In which, the proofreader must bite his tongue.
The budding novelist in question is Gary Draper, the proofreaders wife’s cousin. The novel is entitled The Pirate. The plot, insofar as there is a plot, concerns a serial killer, with an eye patch and a hook for a hand, who is whittling his way through a cast of unconvincing characters in a holiday resort in the Caribbean. No motive is given for these slayings aside from the fact that The Pirate is deranged. All The Pirate’s victims are young women who have made the fatal error of looking great in swimwear. Gary has entirely overlooked the fact that a novel requires a protagonist or, indeed, a point.
It wouldn’t be so bad if the writing itself was competent. It isn’t. It would be inaccurate to describe the author’s attitude to grammar as ‘rule breaking’ because that would suggest that Gary knew the rules in the first place. He very clearly doesn’t. There are more split infintives and dangling modifiers than you can shake a stick at, and the entire thing appears to have been written in the passive voice. The proofreader finds this latter point almost funny, that such an unpleasant and aggressive piece of prose could be described in any way as passive.
But split infinitives and dangling modifiers are as nothing compared to some of Gary Draper’s grammatical atrocities. The word ‘have’ seems to have been abandoned in favor of the increasingly popular and utterly unacceptable ‘of’. In Gary’s particular iteration of the multiverse, the apostrophe has been rendered extinct. And spelling, it would seem, if Mr Draper is to be believed, is for losers.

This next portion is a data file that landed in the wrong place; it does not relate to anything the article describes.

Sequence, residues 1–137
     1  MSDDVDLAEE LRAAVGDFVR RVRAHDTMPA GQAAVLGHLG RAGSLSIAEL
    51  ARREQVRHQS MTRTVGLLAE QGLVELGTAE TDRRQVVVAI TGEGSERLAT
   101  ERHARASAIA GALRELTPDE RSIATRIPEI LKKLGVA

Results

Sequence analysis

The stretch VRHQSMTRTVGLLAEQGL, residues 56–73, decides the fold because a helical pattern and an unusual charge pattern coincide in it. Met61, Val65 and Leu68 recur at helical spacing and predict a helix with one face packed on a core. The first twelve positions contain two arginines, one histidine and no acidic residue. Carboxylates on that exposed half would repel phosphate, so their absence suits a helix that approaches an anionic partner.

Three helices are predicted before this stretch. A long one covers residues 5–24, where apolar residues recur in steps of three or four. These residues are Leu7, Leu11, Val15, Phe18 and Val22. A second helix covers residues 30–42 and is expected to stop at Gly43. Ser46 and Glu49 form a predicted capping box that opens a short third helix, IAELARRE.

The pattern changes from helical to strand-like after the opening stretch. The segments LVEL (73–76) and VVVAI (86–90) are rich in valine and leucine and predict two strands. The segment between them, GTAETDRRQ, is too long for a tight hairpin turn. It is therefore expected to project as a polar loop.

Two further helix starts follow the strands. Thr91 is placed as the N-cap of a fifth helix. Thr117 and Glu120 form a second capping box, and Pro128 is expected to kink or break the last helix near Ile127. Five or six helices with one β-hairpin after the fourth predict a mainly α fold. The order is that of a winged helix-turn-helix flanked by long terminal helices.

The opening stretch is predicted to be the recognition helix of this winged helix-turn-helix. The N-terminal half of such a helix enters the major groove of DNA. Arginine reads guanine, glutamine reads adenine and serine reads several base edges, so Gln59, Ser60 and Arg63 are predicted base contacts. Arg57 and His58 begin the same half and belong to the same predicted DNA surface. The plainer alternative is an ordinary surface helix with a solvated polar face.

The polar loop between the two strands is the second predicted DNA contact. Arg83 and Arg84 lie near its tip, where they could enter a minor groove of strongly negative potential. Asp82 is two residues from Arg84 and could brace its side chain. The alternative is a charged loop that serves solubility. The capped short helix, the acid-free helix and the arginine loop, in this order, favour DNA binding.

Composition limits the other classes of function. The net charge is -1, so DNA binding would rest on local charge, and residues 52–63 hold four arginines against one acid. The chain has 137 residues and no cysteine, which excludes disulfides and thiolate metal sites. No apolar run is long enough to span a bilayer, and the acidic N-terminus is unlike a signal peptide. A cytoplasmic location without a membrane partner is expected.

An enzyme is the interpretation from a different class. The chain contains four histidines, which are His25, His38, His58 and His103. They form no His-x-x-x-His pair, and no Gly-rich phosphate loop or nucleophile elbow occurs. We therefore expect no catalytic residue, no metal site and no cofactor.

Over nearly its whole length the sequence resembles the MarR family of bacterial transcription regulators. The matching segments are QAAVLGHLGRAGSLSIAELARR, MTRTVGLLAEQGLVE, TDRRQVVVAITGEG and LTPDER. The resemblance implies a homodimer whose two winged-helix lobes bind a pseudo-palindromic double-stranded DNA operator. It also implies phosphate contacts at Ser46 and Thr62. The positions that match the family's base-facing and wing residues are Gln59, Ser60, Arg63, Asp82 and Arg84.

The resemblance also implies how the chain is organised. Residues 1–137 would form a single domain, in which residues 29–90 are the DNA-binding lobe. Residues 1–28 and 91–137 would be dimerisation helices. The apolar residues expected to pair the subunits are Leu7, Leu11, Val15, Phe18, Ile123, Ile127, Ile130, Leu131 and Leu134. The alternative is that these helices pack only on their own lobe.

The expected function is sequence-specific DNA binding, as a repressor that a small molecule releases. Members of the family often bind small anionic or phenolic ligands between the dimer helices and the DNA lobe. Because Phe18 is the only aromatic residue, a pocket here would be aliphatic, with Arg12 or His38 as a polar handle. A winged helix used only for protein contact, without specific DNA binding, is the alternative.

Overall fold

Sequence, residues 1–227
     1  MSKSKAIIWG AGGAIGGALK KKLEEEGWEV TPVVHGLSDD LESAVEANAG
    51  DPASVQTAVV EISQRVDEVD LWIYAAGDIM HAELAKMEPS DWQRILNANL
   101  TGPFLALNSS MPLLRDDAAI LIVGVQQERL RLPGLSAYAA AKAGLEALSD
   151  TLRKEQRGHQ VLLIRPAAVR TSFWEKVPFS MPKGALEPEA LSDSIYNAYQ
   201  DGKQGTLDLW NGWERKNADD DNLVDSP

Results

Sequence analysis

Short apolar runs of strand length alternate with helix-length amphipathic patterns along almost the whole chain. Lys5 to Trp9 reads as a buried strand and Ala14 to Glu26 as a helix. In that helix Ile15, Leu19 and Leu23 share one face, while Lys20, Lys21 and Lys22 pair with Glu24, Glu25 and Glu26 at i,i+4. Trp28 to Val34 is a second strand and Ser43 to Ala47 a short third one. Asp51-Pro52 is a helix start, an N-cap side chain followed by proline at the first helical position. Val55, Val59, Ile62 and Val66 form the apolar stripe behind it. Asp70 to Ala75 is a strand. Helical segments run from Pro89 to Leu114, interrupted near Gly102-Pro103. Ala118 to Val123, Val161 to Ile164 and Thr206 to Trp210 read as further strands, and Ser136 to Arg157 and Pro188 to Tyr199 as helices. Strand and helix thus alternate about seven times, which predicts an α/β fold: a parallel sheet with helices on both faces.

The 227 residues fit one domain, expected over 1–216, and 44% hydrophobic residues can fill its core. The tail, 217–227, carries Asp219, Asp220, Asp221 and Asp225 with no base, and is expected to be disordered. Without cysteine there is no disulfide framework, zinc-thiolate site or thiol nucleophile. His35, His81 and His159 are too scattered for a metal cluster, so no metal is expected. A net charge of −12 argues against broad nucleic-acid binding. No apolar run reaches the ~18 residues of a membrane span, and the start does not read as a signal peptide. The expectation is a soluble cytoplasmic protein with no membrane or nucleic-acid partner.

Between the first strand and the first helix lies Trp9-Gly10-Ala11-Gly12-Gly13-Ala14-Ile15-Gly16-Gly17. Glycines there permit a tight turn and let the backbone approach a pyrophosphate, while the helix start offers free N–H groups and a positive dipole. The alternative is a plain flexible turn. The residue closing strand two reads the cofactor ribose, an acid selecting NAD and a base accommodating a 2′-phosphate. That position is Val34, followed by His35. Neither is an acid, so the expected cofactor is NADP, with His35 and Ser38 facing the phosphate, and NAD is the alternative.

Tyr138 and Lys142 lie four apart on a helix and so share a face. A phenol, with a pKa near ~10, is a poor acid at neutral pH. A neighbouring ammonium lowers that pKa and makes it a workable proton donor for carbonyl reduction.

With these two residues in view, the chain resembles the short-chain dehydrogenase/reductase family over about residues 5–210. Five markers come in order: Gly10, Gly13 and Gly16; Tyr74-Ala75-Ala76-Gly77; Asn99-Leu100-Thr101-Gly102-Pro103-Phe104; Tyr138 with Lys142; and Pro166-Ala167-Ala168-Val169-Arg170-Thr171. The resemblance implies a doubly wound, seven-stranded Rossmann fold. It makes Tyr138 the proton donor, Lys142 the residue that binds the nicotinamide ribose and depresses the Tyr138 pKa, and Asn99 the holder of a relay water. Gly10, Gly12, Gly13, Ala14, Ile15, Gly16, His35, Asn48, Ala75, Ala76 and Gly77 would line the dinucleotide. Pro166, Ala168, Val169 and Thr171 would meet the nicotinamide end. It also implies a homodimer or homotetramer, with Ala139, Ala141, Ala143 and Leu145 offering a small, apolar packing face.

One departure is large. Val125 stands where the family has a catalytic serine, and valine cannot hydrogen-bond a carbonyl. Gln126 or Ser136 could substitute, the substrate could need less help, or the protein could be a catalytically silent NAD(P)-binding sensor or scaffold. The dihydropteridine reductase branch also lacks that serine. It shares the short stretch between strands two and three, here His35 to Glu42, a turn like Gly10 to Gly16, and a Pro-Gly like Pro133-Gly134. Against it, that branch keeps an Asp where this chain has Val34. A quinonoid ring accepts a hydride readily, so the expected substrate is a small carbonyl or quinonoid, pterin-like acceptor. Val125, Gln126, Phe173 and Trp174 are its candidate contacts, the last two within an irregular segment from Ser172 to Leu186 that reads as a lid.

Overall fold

All of this, however, is tolerable. These kind of errors are meat and drink to the intrepid proofreader. Obviously, it is not typical for there to be quite so many of them but they are not, in and of themselves, unusual. What is really driving the proofreader in the general direction of the kitchen sink (beneath which is stored the emergency brandy) is the fact that Gary’s writing seems intent upon summoning the proofreader’s inner editor.
He is not an editor. He has never been an editor. He has worked with many great and talented editors in his time but he does not count himself among their number. He is a proofreader. He has been a proofreader all his working life. He will be a proofreader until the day his lips turn blue and they pry his red pen from his cold, dead hand. But Gary Draper’s awful writing has him critiquing instead of proofreading; it is forcing him to leave the objective world of right and wrong, and taking a few awkward steps into the subjective world of the editor. He doesn’t want to waist valuable red ink telling Gary that an adult novel can’t contain the expression “He was as crafty as a fox” and expect to be taken seriously, and yet he feels compelled to do so.
In the second paragraph, ‘the proofreaders wife’s’ should be ‘the proofreader’s wife’s’.
In the third paragraph, ‘split infintives’ should be ‘split infinitives’.
In the fourth paragraph, ‘Mr Draper’ should be ‘Mr. Draper’. This is a U.S. rule; in the U.K., the period is not required.
In the sixth paragraph, ‘waist’ should be ‘waste’.
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